#IAmEmerson? rally raises the bar

by Editorial Board / Beacon Staff • April 30, 2015

At issue: #IAmEmerson? demands college create and enforce cultural sensitivity training for faculty and students

Our Take: Tuesday’s walkout sets a solid precedent for demanding change on campus.

A student-led campaign titled “#IAmEmerson?” is demanding change and establishing courses of action to make that change happen. It specifically calls for “cultural sensitivity training” for professors and “culturally enlightening classes” for students, but also a broader recognition of the humanity of students of color. “We would like to see the sociopolitical issues occurring outside the classroom acknowledged and respected within the academic environment,” says its mission statement.

These are goals whose relevance and necessity are self-evident, to show that at Emerson, this school for artists and innovators, everyone is created equal. It’s abundantly clear that students of all races and ethnicities—particularly students of color—at Emerson aren’t satisfied with the state of the college’s diversity practices. So the demonstrations this week were, as President M. Lee Pelton said, a reflection of student bravery and tenacity, and also a reflection of the dissonance between students and faculty.

The #IAmEmerson? rally was an important act of resistance that isn’t often used at this campus. In recent years, students have raised concerns about the phenomenon of so-called “slacktivism”: When students at this school are dissatisfied, many are quick to voice their grievances in a Facebook status or through a tweet.

The #IAmEmerson? campaign is a reflection of the opposite. Tuesday afternoon’s demonstration was admirable for many reasons, including raising the bar for how students should go about advocating change within our campus culture and administration. They stood up, raised their voice and let their presence and opinions be known to students and faculty alike. They effectively earned the campus dialogue Tuesday, and the reverberations of that dialogue are still being felt from the classrooms in Ansin to dorms in Piano Row.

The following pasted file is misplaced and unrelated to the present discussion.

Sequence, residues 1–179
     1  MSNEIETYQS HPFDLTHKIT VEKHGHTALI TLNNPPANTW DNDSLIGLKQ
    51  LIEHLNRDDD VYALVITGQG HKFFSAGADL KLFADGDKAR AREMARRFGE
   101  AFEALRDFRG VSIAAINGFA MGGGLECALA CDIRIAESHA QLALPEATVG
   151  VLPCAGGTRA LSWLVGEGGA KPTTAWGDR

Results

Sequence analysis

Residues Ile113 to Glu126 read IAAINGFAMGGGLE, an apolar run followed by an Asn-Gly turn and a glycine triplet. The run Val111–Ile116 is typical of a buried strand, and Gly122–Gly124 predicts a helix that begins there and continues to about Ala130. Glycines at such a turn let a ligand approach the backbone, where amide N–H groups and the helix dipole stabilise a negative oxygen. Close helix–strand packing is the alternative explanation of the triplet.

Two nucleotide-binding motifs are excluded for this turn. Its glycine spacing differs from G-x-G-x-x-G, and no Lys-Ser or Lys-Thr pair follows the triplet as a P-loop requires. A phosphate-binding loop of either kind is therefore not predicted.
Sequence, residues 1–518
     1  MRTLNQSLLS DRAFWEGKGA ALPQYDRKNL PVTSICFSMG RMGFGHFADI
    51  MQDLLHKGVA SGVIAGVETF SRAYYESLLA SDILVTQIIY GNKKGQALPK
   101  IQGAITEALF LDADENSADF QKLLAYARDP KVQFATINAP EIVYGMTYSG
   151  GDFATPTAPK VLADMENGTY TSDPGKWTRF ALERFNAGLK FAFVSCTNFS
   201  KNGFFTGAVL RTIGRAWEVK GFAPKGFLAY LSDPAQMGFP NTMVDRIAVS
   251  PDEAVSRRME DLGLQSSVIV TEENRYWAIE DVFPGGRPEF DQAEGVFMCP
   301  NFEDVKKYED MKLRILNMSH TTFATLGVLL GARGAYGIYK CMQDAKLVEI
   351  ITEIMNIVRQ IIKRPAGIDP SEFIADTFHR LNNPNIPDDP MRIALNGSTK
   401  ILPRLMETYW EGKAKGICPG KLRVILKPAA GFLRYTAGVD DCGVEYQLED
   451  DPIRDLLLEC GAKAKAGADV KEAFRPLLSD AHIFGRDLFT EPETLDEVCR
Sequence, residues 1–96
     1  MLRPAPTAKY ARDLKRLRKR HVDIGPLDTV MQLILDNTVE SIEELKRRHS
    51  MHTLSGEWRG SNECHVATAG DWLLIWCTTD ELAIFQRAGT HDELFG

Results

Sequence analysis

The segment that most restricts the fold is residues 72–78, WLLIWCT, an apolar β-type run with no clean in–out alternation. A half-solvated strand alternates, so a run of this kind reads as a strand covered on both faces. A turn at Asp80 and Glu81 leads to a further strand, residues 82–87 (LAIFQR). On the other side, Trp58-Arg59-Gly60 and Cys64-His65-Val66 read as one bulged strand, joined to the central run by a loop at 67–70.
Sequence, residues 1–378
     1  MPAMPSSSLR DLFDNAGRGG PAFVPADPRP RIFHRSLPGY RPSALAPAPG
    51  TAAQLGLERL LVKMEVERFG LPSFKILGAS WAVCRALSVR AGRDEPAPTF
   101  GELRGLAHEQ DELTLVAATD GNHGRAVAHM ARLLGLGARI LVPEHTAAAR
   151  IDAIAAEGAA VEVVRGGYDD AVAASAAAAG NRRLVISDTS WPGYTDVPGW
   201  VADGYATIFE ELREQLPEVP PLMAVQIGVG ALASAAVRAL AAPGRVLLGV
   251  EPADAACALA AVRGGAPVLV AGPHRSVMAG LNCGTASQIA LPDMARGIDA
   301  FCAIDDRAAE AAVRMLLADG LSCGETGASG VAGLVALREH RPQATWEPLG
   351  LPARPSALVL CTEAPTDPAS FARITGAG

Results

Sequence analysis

Numerous professors have brought up the demonstration in their courses, some saying that they regret if they’ve made students uncomfortable and encouraging further discussions about race. Jabari Asim, an associate professor of writing, literature, and publishing and the editor-in-chief of the NAACP’s The Crisis magazine, sent out a series of tweets applauding students for “taking us to school”: “So proud of these brilliant, beautiful students speaking truths today,” he tweeted. “My door is always open.” And the account for Emerson Counseling and Psychological Services tweeted, “ECAPS acknowledges the existence of institutional racism and the pervasive impact it has. We stand with those who seek change. #IAmEmerson?” 

This demonstration follows a laudable history of protest at Emerson. In 1969, a year after Emerson’s Black Organization with Natural Interests, or EBONI, was founded, the group demanded changes to admit black students to Emerson and improve the campus climate for them. A peaceful but tense debate took over the college for several months that year, EBONI co-founder Moonyene Jackson-Amis told the Beacon in January. Hundreds of students staged walkouts from classrooms and sit-ins at administrative offices. In the last 46 years, campus conditions have evidently not improved enough—but the spirit of their fight is still alive and well.

Tuesday’s demonstration seems to have started a conversation that has gotten the faculty’s attention. We wholeheartedly agree Emerson should spend more resources on campuswide cultural competency training for students and faculty alike. And now, it’s incumbent upon students to continue to effectively push for high standards in higher education.